It’s crucial to distinguish between can’t and won’t—with a million lives at stake

It’s not a law of microbiology that requires that we allow the coronavirus to infect hundreds of millions of people, but a choice made by governments.

Image Credit: The Economic Times

In a story predicting two more years for the coronavirus pandemic, CNN (5/1/20) quotes Michael Osterholm, who directs the Center for Infectious Disease Research and Policy at the University of Minnesota: “This thing’s not going to stop until it infects 60 to 70% of people,” he said. “The idea that this is going to be done soon defies microbiology.”

CNN should note that accepting a 60–70% infection rate means accepting a million deaths or more, assuming a fatality rate of 0.5%—which may be a conservative estimate.

The network should also note that it’s not a law of microbiology that requires that we allow the coronavirus to infect hundreds of millions of people, but a choice made by governments—as the varied results obtained by different countries demonstrate.  Here’s a chart highlighting active cases per capita in China:

91-DIVOC: China active cases per capita hightlighted
Chart: 91-DIVOC (5/1/20)

There’s a usually unspoken assumption that the US just can’t do what China did—which was to pursue a strategy based not just on discouraging but on halting transmission of the coronavirus. It can’t be that quarantines are seen as incompatible with democracy; we have quarantines, after all. The idea seems to be that effective quarantines are incompatible with democracy—but that’s not true either, as nations with elected governments like New Zealand and Taiwan have also managed to bring new cases down to near zero.

It may be unlikely that the United States will summon the political will to implement a realistic plan for not just delaying, but stopping Covid-19. But it’s crucial for media reporting on options in the fight against the outbreak to distinguish between can’t and won’t—especially when the other option is letting a million people die.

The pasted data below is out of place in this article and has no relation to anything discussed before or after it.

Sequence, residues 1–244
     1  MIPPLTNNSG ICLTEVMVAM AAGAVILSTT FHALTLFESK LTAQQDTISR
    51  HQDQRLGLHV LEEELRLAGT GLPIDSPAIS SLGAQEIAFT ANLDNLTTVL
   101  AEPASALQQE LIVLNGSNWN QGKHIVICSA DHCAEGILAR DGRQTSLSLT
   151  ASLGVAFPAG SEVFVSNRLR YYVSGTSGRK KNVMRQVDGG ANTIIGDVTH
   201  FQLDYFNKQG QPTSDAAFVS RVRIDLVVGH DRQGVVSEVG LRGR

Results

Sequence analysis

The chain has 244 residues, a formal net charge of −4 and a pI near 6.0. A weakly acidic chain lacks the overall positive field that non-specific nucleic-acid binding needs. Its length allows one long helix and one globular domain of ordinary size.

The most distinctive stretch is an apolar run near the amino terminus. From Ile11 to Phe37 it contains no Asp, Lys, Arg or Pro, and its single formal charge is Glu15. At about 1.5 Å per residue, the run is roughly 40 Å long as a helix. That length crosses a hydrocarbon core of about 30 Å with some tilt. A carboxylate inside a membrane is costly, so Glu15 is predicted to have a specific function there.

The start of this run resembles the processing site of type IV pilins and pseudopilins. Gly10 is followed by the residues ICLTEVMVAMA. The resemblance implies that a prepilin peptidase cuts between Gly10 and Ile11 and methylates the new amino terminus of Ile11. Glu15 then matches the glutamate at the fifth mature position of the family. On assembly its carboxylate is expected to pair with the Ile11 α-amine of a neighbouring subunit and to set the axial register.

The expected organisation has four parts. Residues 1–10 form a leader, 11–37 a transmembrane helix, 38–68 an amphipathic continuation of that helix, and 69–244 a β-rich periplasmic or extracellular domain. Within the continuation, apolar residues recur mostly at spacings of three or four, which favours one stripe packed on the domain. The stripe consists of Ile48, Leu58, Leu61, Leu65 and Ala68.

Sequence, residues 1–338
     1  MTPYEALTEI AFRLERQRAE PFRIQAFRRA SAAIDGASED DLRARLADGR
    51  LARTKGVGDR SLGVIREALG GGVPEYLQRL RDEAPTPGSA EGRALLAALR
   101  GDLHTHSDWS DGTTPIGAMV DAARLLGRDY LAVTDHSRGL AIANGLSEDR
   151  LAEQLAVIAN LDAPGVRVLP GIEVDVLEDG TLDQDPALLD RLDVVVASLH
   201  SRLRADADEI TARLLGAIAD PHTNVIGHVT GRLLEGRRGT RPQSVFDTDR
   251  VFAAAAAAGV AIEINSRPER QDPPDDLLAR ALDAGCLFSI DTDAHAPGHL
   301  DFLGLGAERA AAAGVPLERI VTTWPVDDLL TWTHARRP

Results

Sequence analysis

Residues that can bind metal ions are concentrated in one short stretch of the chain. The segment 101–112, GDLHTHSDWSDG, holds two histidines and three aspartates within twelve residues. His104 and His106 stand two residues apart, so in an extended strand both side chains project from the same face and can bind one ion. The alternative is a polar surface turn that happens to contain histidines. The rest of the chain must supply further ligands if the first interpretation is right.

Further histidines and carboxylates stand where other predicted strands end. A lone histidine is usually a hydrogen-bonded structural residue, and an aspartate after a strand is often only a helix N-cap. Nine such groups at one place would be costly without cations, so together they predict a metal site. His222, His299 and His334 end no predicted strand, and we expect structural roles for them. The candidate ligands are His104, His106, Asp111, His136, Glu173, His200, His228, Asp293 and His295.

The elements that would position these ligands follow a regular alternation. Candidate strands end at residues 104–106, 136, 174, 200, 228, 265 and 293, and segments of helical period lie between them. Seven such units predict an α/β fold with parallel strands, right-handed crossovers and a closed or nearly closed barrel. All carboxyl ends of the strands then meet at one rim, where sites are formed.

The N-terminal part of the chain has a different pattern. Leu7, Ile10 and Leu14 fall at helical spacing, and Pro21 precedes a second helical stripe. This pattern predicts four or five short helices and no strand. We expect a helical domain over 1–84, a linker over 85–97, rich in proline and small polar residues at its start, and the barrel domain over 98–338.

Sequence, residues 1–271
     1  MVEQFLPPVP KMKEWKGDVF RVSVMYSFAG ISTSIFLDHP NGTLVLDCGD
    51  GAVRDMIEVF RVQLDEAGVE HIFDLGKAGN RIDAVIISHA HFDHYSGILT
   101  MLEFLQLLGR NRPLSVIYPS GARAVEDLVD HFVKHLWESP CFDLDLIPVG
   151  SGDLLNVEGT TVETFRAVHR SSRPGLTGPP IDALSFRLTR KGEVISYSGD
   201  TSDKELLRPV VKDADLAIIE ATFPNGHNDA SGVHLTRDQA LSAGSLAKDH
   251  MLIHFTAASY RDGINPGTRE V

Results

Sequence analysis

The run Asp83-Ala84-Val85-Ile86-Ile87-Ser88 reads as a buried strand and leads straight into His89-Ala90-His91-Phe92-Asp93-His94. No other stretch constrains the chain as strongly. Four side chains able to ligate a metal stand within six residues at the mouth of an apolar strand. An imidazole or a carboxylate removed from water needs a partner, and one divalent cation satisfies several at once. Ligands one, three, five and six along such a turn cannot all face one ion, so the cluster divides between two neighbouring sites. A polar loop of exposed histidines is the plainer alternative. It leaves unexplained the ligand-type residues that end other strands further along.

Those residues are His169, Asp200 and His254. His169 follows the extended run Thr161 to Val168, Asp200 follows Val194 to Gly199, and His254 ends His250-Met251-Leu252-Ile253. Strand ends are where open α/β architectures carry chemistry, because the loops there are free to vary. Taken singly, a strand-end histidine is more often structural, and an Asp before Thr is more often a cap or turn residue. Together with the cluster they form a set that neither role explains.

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Jim Naureckas is the editor of, the website of Fairness & Accuracy In Reporting. Since 1990, he has edited Extra!, FAIR’s print publication, now a monthly newsletter. He is the co-author of Way Things Aren’t: Rush Limbaugh’s Reign of Error, and co-editor of The FAIR Reader: An Extra! Review of Press and Politics in the ’90s. Naureckas was born in Libertyville, Illinois, in 1964, and graduated from Stanford University in 1985 with a bachelor’s degree in political science. He has worked as an investigative reporter for the newspaper In These Times, where he covered the Iran/Contra scandal, and was managing editor of the Washington Report on the Hemisphere, a newsletter on Latin America. Since 1997 he has been married to Janine Jackson, FAIR’s program director. You can follow him on Twitter at @JNaureckas.